This is getting on a tangent, but the thing about ordering tofu in restaurants is that most places (non-veg restaurants) do not prepare it well. You need to use the right tofu for the right job (Silken for sauces and deserts, water packed for stir fries and scrambles). I went to a big, chain Mongolian barbecue style place with a client and ordered a stir fry with tofu- they served silken in a stir fry that was undercooked and unmarinated! No wonder tofu has a bad rep with most of the meat-eatin' crowd!

So, yeah, water packed is the way to go for this dish, firm or extra firm. These recipes are from Vegan Brunch and Dolce Vegan. Dolce Vegan is the one in the tortilla and was the clear winner. I would halve the mustard that it calls for, but other than that, it's a great, basic recipe that you can doctor up with peppers or whatever you like. It's just yellow and neutral with enough flavor to make it interesting. I also threw in some vegan chorizo to justify the tortilla b/c we were out of bread (toast).

The Vegan Brunch recipe was not my thing. I suspect that the author is also bored with this dish and just wanted to jazz it up, but 2 teaspoons of cumin was overkill, and not the flavor that I'm looking for with scrambler. Plus, it calls for quite a lot of nutritional yeast, which I think is great in small doses but too much of it damns a dish for me.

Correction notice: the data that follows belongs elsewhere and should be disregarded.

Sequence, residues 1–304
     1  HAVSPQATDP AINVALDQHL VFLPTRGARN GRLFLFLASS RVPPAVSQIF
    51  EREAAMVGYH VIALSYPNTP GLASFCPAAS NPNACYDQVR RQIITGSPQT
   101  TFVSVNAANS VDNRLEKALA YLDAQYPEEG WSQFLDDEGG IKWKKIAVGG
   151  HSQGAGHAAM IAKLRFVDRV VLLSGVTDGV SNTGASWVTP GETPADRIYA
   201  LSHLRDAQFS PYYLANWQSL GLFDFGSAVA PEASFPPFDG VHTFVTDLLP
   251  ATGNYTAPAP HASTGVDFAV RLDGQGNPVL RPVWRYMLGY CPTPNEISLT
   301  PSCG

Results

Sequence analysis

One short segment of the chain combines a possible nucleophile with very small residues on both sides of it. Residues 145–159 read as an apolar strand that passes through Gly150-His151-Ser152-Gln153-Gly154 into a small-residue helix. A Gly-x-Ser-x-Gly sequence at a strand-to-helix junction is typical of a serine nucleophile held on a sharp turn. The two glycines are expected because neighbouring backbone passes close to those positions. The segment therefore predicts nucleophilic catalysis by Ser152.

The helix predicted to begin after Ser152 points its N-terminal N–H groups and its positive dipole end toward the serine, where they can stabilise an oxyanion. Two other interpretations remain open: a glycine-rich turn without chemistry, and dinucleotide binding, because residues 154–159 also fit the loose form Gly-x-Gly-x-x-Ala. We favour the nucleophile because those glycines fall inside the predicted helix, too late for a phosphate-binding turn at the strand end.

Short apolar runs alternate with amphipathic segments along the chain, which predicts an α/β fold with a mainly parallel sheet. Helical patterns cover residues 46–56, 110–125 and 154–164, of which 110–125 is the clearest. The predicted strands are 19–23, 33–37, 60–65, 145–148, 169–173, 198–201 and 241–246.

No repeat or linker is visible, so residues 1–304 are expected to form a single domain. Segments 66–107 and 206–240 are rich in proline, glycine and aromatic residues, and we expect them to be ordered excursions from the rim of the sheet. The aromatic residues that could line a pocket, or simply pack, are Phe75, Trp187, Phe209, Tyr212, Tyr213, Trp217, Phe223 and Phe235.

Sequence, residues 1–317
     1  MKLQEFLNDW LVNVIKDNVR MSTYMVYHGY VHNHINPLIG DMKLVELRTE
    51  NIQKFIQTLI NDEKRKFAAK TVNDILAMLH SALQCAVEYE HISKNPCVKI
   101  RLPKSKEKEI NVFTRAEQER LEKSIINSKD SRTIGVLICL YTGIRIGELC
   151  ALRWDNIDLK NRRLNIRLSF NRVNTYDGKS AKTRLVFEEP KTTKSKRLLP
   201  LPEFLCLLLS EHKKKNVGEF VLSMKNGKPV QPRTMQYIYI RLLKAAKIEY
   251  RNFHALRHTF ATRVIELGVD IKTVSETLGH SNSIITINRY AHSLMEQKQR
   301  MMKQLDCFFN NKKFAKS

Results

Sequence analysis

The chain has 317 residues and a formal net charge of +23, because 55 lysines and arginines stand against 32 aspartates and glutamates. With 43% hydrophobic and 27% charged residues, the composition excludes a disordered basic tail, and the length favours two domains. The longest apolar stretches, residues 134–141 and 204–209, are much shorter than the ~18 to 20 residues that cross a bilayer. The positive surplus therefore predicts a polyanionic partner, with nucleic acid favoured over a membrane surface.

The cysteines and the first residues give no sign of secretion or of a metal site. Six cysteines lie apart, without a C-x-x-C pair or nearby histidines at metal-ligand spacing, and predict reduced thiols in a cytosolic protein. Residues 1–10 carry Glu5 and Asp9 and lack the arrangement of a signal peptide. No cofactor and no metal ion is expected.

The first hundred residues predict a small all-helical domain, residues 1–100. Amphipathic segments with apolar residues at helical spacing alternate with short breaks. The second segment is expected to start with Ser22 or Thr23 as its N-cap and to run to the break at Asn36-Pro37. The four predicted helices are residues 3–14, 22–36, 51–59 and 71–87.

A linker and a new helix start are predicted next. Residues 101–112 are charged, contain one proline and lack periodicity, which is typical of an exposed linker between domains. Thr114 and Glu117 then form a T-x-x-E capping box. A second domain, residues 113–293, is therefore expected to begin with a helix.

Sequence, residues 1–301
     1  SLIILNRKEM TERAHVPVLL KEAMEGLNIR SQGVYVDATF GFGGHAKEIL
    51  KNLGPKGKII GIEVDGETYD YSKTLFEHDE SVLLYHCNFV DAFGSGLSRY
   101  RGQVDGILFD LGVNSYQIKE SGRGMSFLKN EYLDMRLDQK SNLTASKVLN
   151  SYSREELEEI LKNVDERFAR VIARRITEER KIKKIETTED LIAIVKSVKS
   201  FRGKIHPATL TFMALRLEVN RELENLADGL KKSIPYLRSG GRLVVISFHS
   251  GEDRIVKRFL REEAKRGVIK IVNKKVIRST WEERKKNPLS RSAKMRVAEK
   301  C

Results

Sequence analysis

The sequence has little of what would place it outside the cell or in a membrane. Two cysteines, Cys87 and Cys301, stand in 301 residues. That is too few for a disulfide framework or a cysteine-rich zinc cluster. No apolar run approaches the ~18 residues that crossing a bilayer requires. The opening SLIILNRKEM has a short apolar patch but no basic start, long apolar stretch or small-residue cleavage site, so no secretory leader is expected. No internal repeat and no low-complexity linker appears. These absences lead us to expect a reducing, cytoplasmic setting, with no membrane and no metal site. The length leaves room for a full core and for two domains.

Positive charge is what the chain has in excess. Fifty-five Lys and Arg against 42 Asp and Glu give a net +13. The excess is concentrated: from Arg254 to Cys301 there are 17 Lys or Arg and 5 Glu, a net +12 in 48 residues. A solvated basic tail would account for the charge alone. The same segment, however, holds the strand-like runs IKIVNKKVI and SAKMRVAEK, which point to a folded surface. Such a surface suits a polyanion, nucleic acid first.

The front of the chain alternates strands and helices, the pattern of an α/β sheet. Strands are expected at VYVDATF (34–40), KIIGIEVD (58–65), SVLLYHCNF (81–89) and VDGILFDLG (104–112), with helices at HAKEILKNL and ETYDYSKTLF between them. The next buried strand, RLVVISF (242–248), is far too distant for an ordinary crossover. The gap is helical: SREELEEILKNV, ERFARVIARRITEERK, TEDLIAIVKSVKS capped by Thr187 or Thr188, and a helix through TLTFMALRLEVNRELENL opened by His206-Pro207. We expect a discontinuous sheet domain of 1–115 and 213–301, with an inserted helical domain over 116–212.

So that's my tofu scramble report until next year when I make it again and try a new recipe.

Espresso "Brownies"

Either I did something wrong, or the author of La Dolce Vegan has a whole other definition of what a brownie is. What I made was the "Espresso Brownie" recipe from that book. What came out of the oven was a delicious, fluffy, moist, rich chocolate cake (with the somewhat inappropriate bits of walnut in it). As cake- this is amazing! There's bits of chocolate chips in it, aside from the cocoa powder that already makes the batter chock full of chocolatey goodness. In fact, I believe that this will be perfect when I eventually try making fauxstess cupcakes ala Real Food Daily/ the Vegan w/ a Vengeance book.

Also, this is the moistest bit of vegan baking since I made TJ's Pumpkin Bread mix with a banana in lieu of eggs. I know that I haven't eaten dairy in almost 2 years, but I think that in a blind taste test- no one would label this as vegan baking.

As a brownie, however, this fails. Nothing about it is brownie-esque. It's not flat, no crispy, flaky brownie crust- it's just so totally not a brownie.

But it's an amazingly good cake!